Now that we have written up our post the next thing we need to do is create a layout for our post. Above we specified the layout for our post via the layout property in the front matter. Now we need to create that layout file for jrnl to use during transformation. All layout files in jrnl are stored in the _layouts directory. So let's create a post layout file, here's what one could look like:

<html lang="en">
        <meta charset="utf-8">

Nothing too special here, just some basic HTML. Layout files in jrnl utilise Go's text/template library for templating. As you can see we are placing the post's title and body into the HMTL.

So we have a post and a layout file. Next let's set a title for our journal, we were after all using the .Site.Title variable in our post layout. We can do this by running jrnl title.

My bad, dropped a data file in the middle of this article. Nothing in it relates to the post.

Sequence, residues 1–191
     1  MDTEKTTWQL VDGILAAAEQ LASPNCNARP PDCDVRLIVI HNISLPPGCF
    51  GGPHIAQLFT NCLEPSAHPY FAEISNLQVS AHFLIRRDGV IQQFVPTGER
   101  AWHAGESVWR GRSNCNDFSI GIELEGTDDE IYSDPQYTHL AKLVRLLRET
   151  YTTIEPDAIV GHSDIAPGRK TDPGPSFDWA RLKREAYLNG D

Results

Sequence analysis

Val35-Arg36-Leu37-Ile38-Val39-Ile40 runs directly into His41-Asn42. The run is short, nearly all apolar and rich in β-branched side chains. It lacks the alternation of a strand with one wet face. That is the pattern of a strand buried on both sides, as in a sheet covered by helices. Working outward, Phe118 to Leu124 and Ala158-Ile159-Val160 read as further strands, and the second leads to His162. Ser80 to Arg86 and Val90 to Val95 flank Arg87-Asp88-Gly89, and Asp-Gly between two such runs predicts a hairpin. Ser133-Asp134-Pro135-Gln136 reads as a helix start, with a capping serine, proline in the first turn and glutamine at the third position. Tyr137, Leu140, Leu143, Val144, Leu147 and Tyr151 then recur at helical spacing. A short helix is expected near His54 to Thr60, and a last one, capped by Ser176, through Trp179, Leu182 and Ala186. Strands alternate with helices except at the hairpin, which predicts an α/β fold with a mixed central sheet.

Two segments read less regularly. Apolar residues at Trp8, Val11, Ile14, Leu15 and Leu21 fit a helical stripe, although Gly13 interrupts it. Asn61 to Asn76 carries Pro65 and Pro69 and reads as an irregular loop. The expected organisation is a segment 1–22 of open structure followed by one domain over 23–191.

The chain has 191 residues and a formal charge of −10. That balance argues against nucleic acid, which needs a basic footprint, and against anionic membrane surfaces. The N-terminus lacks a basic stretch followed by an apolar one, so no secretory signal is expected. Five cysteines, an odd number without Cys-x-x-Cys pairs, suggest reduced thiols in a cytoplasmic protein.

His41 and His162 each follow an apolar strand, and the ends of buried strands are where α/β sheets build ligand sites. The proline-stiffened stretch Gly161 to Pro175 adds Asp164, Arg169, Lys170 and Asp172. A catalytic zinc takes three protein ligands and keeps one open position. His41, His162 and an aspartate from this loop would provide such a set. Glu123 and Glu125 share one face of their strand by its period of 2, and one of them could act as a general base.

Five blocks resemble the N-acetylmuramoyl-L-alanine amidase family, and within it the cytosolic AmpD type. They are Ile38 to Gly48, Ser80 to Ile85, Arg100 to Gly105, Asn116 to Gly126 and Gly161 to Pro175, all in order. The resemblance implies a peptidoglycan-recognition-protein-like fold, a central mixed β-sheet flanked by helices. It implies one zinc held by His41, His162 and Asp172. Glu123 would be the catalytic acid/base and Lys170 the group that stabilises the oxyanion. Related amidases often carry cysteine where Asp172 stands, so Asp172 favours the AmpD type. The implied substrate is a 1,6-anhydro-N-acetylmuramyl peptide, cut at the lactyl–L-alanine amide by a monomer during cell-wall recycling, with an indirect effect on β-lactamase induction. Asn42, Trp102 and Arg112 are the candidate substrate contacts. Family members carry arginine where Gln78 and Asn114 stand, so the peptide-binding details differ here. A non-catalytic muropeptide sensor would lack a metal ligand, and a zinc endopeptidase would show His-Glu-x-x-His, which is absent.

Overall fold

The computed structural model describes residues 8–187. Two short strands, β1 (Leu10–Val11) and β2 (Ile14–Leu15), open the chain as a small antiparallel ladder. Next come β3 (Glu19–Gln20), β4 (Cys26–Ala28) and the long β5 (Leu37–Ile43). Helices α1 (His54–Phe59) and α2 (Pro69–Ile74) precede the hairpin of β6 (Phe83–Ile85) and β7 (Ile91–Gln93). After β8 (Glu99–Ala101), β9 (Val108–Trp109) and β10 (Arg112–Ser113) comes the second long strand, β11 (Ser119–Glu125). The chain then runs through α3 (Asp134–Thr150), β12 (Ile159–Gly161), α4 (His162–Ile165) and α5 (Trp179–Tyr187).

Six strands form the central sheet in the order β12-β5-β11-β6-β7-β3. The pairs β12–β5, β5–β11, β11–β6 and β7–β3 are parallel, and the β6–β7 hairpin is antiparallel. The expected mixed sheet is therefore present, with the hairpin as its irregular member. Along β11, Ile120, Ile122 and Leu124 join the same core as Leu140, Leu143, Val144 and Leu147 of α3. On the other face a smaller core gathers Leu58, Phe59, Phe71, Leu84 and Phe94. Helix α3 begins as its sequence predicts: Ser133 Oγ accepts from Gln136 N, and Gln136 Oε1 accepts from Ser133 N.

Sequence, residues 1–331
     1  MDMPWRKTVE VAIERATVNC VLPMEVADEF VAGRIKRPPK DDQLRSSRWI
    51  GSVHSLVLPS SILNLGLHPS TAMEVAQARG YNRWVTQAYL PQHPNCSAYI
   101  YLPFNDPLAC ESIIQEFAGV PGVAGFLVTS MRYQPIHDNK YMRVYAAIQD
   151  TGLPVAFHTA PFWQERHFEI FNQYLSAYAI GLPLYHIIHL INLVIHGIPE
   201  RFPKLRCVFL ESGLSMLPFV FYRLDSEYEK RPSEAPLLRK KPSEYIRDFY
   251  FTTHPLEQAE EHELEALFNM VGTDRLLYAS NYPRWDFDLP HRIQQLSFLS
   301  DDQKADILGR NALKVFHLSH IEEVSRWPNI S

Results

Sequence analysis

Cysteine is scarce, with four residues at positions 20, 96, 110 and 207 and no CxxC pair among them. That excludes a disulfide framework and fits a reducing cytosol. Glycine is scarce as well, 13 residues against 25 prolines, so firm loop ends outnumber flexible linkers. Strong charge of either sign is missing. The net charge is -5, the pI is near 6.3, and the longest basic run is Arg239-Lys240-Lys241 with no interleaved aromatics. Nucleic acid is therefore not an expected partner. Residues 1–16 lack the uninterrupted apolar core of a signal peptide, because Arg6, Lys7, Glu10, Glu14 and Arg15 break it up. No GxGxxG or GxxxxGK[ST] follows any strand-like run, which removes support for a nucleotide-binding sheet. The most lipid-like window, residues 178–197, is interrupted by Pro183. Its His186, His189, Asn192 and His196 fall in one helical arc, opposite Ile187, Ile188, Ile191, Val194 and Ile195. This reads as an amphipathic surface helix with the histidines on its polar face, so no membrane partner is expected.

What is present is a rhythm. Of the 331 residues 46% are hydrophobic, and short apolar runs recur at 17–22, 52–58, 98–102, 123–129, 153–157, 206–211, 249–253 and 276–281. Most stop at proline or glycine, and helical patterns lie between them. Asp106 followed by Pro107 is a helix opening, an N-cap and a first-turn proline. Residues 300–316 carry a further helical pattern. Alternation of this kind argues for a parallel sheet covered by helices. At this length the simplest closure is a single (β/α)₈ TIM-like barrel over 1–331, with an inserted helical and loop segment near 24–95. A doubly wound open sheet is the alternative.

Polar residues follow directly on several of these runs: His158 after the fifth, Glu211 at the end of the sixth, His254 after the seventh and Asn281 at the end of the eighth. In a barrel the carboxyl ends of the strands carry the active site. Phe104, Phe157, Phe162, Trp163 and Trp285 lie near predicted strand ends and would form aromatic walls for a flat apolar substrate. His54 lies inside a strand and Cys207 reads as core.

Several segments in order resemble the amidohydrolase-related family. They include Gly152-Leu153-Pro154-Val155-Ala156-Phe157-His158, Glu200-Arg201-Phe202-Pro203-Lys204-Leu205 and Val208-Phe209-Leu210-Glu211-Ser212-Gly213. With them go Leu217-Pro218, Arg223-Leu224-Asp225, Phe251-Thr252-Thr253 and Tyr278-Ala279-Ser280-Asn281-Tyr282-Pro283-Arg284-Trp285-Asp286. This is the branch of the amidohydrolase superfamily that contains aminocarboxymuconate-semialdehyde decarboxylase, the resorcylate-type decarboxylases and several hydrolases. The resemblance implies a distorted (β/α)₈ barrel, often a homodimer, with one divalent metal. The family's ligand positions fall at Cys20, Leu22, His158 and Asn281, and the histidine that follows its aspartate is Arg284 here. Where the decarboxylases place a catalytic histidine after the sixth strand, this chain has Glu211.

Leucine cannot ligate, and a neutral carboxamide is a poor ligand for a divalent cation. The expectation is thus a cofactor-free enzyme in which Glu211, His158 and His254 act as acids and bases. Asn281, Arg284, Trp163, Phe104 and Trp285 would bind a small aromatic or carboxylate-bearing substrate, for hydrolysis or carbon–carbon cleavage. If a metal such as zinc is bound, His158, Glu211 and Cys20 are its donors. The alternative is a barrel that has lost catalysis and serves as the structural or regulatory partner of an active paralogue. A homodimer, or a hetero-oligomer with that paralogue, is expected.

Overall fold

$ jrnl title "My Blog"

Now, before we can publish our journal we need to set a remote. A remote can either be a local filesystem path, or a remote SCP URL for copying the HTML files to. To keep things simple lets just use a local filesystem path for now.

$ jrnl remote-set /tmp/blog-remote
$ jrnl publish

If we perform an ls on the /tmp/blog-remote remote that we created we should see the directory populated with some files generated from jrnl.

$ ls /tmp/blog-remote
2006 assets

And there is our site. Not much right now, just an empty assets directory and a path pointing to our published post which we can now view in a browser of our choice.

$ firefox 2006/01/02/introducing-jrnl/index.html

Initializing a Journal